Don’t get me wrong I love receiving flowers, but after a few days when they start to wilt… well I have to admit the tree-hugging, animal-lover within finds it a little depressing!
Turns out others share the sentiment, but unlike me, they actually did something about it! Friends Anja Venn and Kate Turner launched The Glasshouse Co. earlier this year, an online store that exclusively stocks Box Gardens, also known as hydroponic terrariums.
What are hydroponic terrariums you ask? They’re plants that only grow in water, without soil and last for ages. “Unlike purchasing a bouquet of flowers your Box Garden can continue to brighten up your home or desk for months to come,” explains Anja. “Our hope is that once your succulent outgrows your terrarium, you can re-pot it into a larger container and then simply add a new plant to your Box Garden or something hand-picked from your garden!”
What makes the Box Gardens completely unique is that the succulent plant is beautifully displayed in the top box, and the exposed roots, which are usually hidden, are visible in the water box underneath. “It’s a very new and fascinating concept,” says Kate. “Being able to see these plants in their complete and raw form, watching them change over weeks and months, and seeing new roots grow and emerge is very special.”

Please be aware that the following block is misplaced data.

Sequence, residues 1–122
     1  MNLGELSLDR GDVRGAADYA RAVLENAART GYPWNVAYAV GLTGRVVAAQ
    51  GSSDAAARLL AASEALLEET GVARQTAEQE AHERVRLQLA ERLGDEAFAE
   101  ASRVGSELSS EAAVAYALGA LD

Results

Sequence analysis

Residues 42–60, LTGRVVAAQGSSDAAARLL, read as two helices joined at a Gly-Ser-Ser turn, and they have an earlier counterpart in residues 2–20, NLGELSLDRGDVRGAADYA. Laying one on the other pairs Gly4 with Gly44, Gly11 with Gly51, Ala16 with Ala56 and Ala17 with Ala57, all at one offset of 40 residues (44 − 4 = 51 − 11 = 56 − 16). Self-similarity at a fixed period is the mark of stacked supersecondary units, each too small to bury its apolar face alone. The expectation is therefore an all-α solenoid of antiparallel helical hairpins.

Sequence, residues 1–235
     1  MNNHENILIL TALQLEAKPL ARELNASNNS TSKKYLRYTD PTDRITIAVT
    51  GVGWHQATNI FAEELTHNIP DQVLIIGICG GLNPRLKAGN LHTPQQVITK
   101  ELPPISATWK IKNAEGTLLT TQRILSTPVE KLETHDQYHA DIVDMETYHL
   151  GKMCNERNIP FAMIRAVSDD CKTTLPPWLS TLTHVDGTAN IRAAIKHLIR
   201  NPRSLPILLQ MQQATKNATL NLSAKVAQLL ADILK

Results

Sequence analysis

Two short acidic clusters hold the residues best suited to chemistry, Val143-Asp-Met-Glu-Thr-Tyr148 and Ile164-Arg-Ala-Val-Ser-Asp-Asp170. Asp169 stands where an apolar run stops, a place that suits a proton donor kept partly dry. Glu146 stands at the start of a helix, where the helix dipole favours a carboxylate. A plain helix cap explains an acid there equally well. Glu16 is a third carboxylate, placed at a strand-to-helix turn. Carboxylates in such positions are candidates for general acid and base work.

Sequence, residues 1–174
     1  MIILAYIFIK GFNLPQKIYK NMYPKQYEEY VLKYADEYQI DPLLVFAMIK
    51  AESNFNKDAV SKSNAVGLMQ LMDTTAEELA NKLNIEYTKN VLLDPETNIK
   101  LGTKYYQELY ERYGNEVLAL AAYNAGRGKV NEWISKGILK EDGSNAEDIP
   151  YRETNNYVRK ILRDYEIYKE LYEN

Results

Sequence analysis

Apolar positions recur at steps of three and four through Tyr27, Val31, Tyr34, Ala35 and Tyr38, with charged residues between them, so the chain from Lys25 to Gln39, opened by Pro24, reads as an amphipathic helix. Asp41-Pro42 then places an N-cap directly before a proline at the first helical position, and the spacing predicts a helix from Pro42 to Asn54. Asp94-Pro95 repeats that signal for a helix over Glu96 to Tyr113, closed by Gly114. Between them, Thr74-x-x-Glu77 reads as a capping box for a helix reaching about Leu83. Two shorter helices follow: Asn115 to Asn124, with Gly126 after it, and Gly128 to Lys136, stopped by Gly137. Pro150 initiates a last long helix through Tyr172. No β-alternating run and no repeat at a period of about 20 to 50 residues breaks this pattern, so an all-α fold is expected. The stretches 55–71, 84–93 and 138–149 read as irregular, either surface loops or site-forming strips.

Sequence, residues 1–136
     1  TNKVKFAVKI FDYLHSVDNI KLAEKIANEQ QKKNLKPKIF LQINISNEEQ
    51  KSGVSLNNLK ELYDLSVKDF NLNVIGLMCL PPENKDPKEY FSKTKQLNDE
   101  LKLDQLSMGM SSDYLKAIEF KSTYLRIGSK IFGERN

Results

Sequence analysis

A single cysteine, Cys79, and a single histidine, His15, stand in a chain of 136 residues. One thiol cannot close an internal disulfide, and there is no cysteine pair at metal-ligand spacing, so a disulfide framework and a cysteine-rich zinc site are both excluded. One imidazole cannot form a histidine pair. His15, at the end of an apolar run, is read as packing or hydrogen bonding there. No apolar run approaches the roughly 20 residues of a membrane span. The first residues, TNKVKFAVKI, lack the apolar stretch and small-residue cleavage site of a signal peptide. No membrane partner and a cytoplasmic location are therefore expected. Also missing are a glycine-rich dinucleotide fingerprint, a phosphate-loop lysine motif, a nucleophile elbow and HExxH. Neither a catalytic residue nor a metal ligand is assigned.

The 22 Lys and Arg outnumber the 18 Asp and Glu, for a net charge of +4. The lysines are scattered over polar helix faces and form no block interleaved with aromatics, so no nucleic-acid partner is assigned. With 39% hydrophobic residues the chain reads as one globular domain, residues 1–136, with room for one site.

Each terrarium is individually handmade, uniquely gift wrapped in The Glasshouse Co.’s Sydney studio and carefully courier delivered to your door. The plants are all home-grown in Australia, able to survive without soil, and can flourish under the eye of the least green nimble amongst us.
Importantly, Anja and Kate are both passionate about giving back, donating 10% of all profits to charity. Having committed to doing this from the very first Box Garden they sold, they are excited to see the impact this will have as the company continues to grow. “The charity we are currently donating towards is a school for severely disabled children in South Africa called Pathways,” explains Kate. “Currently in South Africa there is no government funding for the severely disabled, so the school relies heavily on the generosity and charity of others. Our hope is that we are able to continue giving to other wonderful charities.”